22. 22. Poisson Departures between Exponential Inter-arrivals If X(t) ∼ P(λt) and Y (t) ∼ P(µt) represent two indepen- dent Poisson processes called arrival and departure pro- cesses. AKU-EE/Stochastic/HA, 1st Semester, 85-86 – p.22/63
  23. 23. Z represent the random interval between any two successive arrivals of X(t). Z has an exponential distribution with parameter λ Let N represent the number of “departures” of Y (t) between any two successive arrivals of X(t). Then from the Poisson nature of the departures we have P{N = k|Z = t} = e−µt (µt)k k! . AKU-EE/Stochastic/HA, 1st Semester, 85-86 – p.23/63
  24. 24. P{N = k} = Z ∞ 0 P{N = k|Z = t}fZ(t)dt = Z ∞ 0 e−µt (µt)k k! λe−λt dt = λ k! Z ∞ 0 (µt)k e−(λ+µ)t dt = λ λ + µ µ λ + µ k 1 k! Z ∞ 0 xk e−x dx | {z } k! = λ λ + µ µ λ + µ k , k = 0, AKU-EE/Stochastic/HA, 1st Semester, 85-86 – p.24/63
  25. 25. the random variable N has a geometric distribution. Thus if customers come in and get out according to two indepen- dent Poisson processes at a counter, then the number of arrivals between any two departures has a geometric dis- tribution. Similarly the number of departures between any two arrivals also represents another geometric distribution. AKU-EE/Stochastic/HA, 1st Semester, 85-86 – p.25/63
  26. 26. Suppose a cereal manufacturer inserts a sample of one type of coupon randomly into each cereal box. Suppose there are n such distinct types of coupons. One interesting question is that how many boxes of cereal should one buy on the average in order to collect at least one coupon of each kind? AKU-EE/Stochastic/HA, 1st Semester, 85-86 – p.26/63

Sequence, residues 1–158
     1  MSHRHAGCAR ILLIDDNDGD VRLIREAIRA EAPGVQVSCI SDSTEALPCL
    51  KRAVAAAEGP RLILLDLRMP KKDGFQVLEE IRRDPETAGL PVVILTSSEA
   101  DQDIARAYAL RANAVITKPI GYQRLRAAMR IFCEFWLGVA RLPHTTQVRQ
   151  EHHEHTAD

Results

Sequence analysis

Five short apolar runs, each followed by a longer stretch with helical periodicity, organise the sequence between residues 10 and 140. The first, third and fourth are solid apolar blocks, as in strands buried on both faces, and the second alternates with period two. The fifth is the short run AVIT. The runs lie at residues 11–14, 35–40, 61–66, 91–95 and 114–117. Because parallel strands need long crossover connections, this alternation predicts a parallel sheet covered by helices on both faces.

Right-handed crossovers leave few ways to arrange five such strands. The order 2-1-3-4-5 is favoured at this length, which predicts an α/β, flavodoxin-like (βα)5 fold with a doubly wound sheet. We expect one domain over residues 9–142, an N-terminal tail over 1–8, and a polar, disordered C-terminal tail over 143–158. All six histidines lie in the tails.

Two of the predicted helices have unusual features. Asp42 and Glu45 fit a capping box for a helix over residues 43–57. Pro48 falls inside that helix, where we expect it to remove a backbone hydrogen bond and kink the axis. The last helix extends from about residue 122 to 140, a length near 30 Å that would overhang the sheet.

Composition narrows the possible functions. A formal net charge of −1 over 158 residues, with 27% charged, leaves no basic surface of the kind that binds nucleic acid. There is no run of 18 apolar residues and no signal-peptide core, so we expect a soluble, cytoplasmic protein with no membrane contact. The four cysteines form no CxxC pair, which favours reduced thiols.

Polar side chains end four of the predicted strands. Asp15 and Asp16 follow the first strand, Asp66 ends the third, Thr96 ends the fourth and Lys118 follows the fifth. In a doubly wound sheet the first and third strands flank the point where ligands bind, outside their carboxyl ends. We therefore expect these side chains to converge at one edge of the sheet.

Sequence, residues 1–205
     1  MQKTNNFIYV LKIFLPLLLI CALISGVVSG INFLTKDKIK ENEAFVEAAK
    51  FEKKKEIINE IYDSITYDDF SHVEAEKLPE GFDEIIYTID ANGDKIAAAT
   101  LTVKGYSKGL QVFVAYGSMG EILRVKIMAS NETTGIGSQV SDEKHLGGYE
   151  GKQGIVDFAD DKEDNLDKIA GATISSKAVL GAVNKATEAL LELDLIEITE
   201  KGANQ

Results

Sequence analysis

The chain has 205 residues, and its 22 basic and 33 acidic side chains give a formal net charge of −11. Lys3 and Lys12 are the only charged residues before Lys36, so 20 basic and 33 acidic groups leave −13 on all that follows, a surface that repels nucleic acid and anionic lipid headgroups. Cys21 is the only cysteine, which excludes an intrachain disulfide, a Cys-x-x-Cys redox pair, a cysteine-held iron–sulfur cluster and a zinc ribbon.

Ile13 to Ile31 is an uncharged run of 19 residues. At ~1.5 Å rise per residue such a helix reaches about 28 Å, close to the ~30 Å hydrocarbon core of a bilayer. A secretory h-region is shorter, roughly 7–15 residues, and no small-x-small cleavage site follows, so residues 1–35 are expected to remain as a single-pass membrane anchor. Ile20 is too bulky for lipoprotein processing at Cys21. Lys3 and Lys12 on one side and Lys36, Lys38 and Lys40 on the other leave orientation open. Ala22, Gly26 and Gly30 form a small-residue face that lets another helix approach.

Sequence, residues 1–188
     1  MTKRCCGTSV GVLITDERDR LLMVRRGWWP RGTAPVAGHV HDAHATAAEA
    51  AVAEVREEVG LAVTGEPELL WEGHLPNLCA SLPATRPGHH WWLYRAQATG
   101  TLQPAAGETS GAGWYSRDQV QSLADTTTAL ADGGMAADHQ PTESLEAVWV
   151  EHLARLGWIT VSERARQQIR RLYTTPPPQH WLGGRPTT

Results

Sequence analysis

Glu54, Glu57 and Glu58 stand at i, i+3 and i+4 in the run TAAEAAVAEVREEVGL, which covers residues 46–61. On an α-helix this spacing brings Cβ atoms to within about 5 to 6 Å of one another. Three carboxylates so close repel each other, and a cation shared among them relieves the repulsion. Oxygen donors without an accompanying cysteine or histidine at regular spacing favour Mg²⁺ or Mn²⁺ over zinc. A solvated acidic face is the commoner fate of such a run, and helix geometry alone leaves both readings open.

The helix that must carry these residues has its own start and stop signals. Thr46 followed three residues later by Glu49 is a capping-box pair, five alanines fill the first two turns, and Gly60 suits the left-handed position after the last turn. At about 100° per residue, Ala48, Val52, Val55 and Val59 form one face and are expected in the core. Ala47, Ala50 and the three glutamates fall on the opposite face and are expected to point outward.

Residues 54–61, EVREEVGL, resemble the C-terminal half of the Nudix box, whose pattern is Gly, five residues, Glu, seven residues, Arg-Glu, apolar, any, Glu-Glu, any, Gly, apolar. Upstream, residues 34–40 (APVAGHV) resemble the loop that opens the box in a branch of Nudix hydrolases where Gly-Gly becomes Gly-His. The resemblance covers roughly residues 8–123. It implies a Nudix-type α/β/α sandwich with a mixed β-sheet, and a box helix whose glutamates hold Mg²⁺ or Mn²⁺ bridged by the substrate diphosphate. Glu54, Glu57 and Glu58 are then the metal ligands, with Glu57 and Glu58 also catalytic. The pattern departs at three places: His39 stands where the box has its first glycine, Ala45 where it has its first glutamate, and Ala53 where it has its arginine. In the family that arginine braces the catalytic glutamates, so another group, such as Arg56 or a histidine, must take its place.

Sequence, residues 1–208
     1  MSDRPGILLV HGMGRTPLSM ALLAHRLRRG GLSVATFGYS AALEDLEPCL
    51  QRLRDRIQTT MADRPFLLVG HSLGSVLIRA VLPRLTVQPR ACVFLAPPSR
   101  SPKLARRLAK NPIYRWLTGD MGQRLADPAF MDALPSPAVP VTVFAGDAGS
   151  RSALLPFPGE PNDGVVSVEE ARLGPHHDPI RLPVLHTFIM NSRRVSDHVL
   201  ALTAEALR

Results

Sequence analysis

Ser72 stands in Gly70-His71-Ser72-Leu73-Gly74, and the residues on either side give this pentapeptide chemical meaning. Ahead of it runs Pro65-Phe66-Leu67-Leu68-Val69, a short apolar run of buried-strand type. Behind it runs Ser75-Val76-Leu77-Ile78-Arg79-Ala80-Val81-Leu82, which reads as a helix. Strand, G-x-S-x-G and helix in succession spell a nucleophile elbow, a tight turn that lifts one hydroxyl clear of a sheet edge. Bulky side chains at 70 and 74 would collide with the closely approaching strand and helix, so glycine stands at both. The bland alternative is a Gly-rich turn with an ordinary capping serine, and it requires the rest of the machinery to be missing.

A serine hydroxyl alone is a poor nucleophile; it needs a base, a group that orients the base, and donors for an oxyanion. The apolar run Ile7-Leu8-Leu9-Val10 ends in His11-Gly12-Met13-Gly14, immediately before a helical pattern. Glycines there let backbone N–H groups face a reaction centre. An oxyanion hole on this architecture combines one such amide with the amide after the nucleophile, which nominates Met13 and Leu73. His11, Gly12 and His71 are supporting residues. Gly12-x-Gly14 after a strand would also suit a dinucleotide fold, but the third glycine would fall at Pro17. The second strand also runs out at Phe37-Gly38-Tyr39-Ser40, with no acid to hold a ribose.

27. 27. Stopping Times Let X1(t), X2(t), · · · , Xn(t) represent n independent identi- cally distributed Poisson processes with common parame- ter λt Let ti1, ti2, · · · represent the first, second, random ar- rival instants of the process Xi(t), i = 1, 2, · · ·. They will correspond to the first, second, appearance of the ith type coupon in the above problem. AKU-EE/Stochastic/HA, 1st Semester, 85-86 – p.27/63
  28. 28. X(t) = n X i=1 Xi(t), so that the sum X(t) is also a Poisson process with parameter µt µ = nλ AKU-EE/Stochastic/HA, 1st Semester, 85-86 – p.28/63
  29. 29. 1/λ represents The average inter-arrival duration between any two arrivals of Xi(t), i = 1, 2, · · · whereas 1/µ repre- sents the average inter-arrival time for the combined sum process X(t) AKU-EE/Stochastic/HA, 1st Semester, 85-86 – p.29/63
  30. 30. the stopping time T to be that random time instant by which at least one arrival of X1(t), X2(t), · · · , Xn(t) has occurred. T = max (t11, t21, · · · , ti1, · · · , tn1). AKU-EE/Stochastic/HA, 1st Semester, 85-86 – p.30/63
  31. 31. ti1, i = 1, 2, · · · , n are independent exponential random variables with common parameter λ. This gives FT (t) = P{T ≤ t} = P{max (t11, t21, · · · , tn1) ≤ t} = P{t11 ≤ t, t21 ≤ t, · · · , tn1 ≤ t} = P{t11 ≤ t}P{t21 ≤ t} · · · P{tn1 ≤ t} = [Fti(t)]n . FT (t) = (1 − e−λt )n , t ≥ 0 represents the probability distribution function of the stopping time random variable T. AKU-EE/Stochastic/HA, 1st Semester, 85-86 – p.31/63
  32. 32. P(T t) = 1 − FT (t) = 1 − (1 − e−λt )n , t ≥ 0 To compute its mean E{T} = Z ∞ 0 P(T t)dt = Z ∞ 0 {1 − (1 − e−λt )n }dt. 1 − e−λt = x, AKU-EE/Stochastic/HA, 1st Semester, 85-86 – p.32/63